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Archive for the ‘Canada’ Category

Oh, the People You’ll Meet

In At home, Canada, U.S. on August 25, 2012 at 9:51 am

Earth, Wind & Fire on stage. They may be old but they still know how to put on a show.

This past July my brother and I headed to Chateau Ste Michelle in Woodinville, Washington to catch the Earth, Wind & Fire concert.  They’ve been around for more than 40 years and still rock it out.  Overall it was an older crowd but our age demographic was nicely represented.  Good friends, good food, great music.  At the end of it all, Andrew and I decided to hang out in the parking lot and wait til everyone else had left.  It was still a nice evening in spite of the earlier rain and there’s no point in idling in a car for 45 minutes going nowhere.

As we sat talking and watching the cars, another couple came round to talk.  The funniest people I’ve met in ages.  BC is from Colorado but is a raging Tragically Hip fan and couldn’t get over that we were Canadian.  His wife, Tricia, was a little more subdued but still hilarious.  We probably talked for about half an hour before security came to tell us to leave as we were the last cars there.  Only problem was Tricia’s car keys were in her jacket which was still inside on the field somewhere.  The jacket couldn’t be found so they jumped in our car and we drove them home, 45 minutes south of the venue and very much south of Canada.  Still, it was the most entertainment of the evening and by the end of it I wanted to be BFFs (consider this a formal request…)

Cover art for Kai and the Magic Jacket

Fast forward to now when the children’s book Tricia wrote is about to hit the stands.  It’s called Kai and the Magic Jacket and has already been receiving great reviews.  It’d have been nice if the magic jacket had some car keys in it, but if it had we would never have met them.  You can buy the book here.  Congrats Tricia!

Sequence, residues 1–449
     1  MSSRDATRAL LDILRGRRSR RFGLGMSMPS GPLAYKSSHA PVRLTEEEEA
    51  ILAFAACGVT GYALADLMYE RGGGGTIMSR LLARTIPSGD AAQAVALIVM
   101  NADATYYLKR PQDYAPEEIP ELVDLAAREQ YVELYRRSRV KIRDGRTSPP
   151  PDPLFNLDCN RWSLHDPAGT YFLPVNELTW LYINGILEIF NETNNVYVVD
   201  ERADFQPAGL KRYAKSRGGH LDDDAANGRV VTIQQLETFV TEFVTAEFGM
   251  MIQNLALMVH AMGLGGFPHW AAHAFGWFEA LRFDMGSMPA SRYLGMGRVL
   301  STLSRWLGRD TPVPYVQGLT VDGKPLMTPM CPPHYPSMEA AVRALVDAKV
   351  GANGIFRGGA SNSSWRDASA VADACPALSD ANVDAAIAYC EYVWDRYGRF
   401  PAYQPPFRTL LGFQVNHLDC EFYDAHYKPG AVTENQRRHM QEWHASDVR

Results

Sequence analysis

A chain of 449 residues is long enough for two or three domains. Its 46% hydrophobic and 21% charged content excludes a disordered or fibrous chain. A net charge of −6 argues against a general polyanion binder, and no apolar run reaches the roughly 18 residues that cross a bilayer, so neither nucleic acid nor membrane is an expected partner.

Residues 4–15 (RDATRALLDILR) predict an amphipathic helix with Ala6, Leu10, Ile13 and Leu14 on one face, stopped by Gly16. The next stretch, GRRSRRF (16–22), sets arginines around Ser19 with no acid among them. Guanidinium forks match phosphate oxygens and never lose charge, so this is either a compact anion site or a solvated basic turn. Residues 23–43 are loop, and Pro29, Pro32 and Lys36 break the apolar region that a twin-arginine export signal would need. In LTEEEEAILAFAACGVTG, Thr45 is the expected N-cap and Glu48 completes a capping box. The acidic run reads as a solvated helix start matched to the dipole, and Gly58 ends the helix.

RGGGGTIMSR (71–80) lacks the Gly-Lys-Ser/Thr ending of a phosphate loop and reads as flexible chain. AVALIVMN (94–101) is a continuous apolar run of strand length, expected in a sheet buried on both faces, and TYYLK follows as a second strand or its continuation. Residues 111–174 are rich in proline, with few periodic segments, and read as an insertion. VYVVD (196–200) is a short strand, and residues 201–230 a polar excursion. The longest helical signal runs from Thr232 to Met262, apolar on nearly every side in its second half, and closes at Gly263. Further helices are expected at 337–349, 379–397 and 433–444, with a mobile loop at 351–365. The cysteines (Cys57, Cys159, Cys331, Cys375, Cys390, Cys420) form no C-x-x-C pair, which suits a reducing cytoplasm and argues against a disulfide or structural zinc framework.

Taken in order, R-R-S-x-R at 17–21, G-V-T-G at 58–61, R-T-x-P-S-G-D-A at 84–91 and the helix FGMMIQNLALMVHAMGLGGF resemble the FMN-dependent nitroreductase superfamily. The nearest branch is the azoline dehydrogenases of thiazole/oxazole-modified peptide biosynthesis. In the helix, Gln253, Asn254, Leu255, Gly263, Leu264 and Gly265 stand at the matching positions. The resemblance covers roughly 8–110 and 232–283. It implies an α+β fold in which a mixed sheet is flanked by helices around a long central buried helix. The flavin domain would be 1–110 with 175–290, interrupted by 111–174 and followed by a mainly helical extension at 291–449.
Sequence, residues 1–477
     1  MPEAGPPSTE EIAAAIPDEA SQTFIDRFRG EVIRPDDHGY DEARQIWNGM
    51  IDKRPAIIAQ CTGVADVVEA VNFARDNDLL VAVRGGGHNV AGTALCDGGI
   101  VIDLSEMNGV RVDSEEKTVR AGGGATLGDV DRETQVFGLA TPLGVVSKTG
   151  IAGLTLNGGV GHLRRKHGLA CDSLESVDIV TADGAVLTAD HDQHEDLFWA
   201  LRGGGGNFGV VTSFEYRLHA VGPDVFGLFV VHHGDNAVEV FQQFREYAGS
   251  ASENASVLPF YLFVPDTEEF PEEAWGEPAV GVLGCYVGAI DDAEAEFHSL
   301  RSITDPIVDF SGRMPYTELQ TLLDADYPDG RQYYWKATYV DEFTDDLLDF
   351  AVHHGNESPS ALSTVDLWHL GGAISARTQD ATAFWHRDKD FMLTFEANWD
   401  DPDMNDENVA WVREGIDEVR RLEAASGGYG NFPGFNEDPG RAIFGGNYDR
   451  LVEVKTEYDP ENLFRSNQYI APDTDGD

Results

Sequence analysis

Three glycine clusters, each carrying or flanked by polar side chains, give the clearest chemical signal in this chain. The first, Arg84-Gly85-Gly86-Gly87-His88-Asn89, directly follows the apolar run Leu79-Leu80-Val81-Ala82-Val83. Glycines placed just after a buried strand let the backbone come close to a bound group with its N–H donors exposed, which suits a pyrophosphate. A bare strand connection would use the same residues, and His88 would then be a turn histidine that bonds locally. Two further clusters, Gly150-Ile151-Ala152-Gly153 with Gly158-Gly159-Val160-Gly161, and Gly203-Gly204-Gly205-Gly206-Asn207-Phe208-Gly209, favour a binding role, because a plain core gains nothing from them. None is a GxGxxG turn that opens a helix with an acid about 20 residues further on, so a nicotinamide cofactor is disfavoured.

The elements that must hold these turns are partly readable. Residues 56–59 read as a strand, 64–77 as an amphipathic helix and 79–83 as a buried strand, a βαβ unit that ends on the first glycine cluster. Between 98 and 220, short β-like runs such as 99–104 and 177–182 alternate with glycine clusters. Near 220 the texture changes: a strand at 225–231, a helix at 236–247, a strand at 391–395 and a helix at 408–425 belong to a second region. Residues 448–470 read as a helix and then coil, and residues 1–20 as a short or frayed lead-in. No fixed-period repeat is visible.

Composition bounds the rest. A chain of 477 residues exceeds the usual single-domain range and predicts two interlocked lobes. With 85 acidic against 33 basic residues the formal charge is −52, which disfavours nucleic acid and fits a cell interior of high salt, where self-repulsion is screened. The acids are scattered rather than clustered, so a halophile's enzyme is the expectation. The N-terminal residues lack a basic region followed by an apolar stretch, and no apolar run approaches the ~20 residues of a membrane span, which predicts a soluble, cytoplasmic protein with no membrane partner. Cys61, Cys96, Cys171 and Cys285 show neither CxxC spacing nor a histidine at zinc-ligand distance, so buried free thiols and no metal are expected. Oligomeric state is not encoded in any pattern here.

Our new BFFs, BC and Tricia, hanging in the parking lot.

Opening Ceremonies

In At home, Canada on February 12, 2010 at 9:29 pm

The energy and excitement in the city has been steadily growing over the last weeks as athletes, journalists, and tourists have descended.  Judging by how many people were walking home at 3pm it would seem the entire business district was shutting down for the opening ceremonies.  Dawit came over to watch on my TV and we enjoyed the entire show, even the phallic totem poles rising majestically from the floor of B.C. Place.  As Wayne Gretzky jumped in the truck to light the hidden torch everyone started guessing the secret location.  It turned out to be at the foot of Thurlow Street in Coal Harbour which is not too far from my apartment.  We grabbed our coats and ran outside to head down and check it out.  As I turned around to look back the scene was a zombie movie – everyone leaving their apartments at the same time, turning onto the street at the same time, and walking determinedly towards their target.  It’d be creepy if it wasn’t so funny.  We got there just after Wayne left and people started singing the national anthem.

Our first view of the outside torch just after Wayne lit it.

The torch up close.

Spontaneous bursts of “Oh Canada” everywhere.

The party continued well into the night and all over the city.  We cruised up Granville Street and it was an absolute rocking environment.  Two more weeks of this?  I think it’s going to be better than we ever thought…

Crowds gather on Granville Street at the end of the night.

Mom and Dad Forever

In At home, Canada, Family, U.S. on July 6, 2009 at 8:15 pm

Mom and Dad on a date in 1958

This past June we celebrated my mom and dad’s 50th wedding anniversary.  Although they don’t like big celebrations in their honour, at our prompting they hosted a small reception for family and close friends to mark the occasion.

Can’t find a shot of the parents together but here’s a nice one of me ‘n my hot mama 🙂

A few weeks later we celebrated just as a family when they took all of us on an Alaskan cruise.  We boarded the ship at Canada Place on a sunny Sunday afternoon and slowly headed out under the Lions Gate bridge for a week heading north.  What a nice way to hang out together, no meals to plan, we’re all in the same place, and some excellent sight-seeing opportunities.  A very different experience from India, it’s a bit of a culture shock really…

Andrew. Ketchikan

What Andrew saw.

Old Juneau

Ice flows on the way to the Sawyer Glacier